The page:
In Chris Marker’s Sans Soleil, the narrator says, “I will have spent my life trying to understand the function of remembering, which is not the opposite of forgetting, but rather its lining. We do not remember. We rewrite memory much as history is rewritten. How can one remember thirst?” Memory, as subjective and imaginative as dreams, serves to inform our present emotional slant and tell us where to travel to next, yet can hinder our ability to perceive an untainted future. In the same vein, when you look cinema, it can be boiled down to simply one’s own projection of the amalgamation of memory and feeling onto a screen, asking the audience where a dream ends and one’s own past begins. And with his new film, Tabu, director Miguel Gomes has crafted a stunning and poignant drama that tell the story of two words separated by time.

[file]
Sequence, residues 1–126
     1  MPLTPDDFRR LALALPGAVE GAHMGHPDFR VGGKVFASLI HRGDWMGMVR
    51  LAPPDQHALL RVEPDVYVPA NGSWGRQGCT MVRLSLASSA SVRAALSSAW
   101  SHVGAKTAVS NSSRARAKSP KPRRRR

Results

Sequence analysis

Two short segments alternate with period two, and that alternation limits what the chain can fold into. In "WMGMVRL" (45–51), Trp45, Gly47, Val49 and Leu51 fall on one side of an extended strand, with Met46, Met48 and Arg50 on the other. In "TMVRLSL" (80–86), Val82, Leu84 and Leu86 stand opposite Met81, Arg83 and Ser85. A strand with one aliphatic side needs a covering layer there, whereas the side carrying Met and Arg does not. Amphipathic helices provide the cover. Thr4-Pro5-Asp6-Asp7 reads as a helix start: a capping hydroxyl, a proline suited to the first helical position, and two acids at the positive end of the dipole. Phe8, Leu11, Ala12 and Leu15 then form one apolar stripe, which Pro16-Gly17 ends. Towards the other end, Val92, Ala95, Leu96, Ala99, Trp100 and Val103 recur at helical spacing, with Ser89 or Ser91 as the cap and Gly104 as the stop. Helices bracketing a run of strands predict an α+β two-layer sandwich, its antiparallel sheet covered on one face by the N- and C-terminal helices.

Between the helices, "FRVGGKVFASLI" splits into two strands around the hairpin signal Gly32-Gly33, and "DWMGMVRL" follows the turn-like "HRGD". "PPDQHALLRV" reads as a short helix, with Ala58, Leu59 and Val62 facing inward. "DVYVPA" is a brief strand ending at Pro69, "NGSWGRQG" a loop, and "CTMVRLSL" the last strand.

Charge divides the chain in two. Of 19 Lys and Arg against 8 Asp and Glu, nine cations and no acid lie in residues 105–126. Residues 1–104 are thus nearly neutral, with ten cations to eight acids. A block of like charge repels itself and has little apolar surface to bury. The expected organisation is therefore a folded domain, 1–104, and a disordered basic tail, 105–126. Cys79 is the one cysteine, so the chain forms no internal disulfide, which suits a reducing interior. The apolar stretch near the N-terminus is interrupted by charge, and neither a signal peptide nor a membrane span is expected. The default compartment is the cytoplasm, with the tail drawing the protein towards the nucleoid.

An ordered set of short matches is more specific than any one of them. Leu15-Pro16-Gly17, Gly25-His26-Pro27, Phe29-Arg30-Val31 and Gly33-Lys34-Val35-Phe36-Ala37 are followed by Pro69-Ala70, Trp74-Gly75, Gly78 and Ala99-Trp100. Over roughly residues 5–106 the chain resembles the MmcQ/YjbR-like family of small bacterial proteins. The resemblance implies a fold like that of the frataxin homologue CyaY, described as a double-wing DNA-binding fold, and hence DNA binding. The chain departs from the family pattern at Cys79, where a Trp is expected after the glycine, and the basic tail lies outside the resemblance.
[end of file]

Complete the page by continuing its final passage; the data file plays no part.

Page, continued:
Shot beautifully on black and white film stock, Tabu has an ethereal quality that haunts—not feeling quite of this time but distinctive from the past. It’s an absurd film with fantastical exoticism and characters unique to modern screens. Like an ode to a bygone era, Gomes’ work shows the mastery of someone who has embedded himself in the language of cinema and its rich history, but with a style that speaks to his own peculiar affinities as a filmmaker. The first half of the film is in the present, telling the story of a kind-hearted but restless retired woman, Pilar, who involves herself with neighbor Aurora—a senile older woman—and her maid. After Aurora’s death, Pilar finds a love letter amongst her belongings, thus ushering in a flashback that serves as the second half of the film. Set in Colonial Africa, the flashback speaks to Tabu being a film of juxtapositions—passionate and restrained emotions, the passage of time and the immediacy of a moment—exploring the dream-like quality of memory and how it lives inside of us all.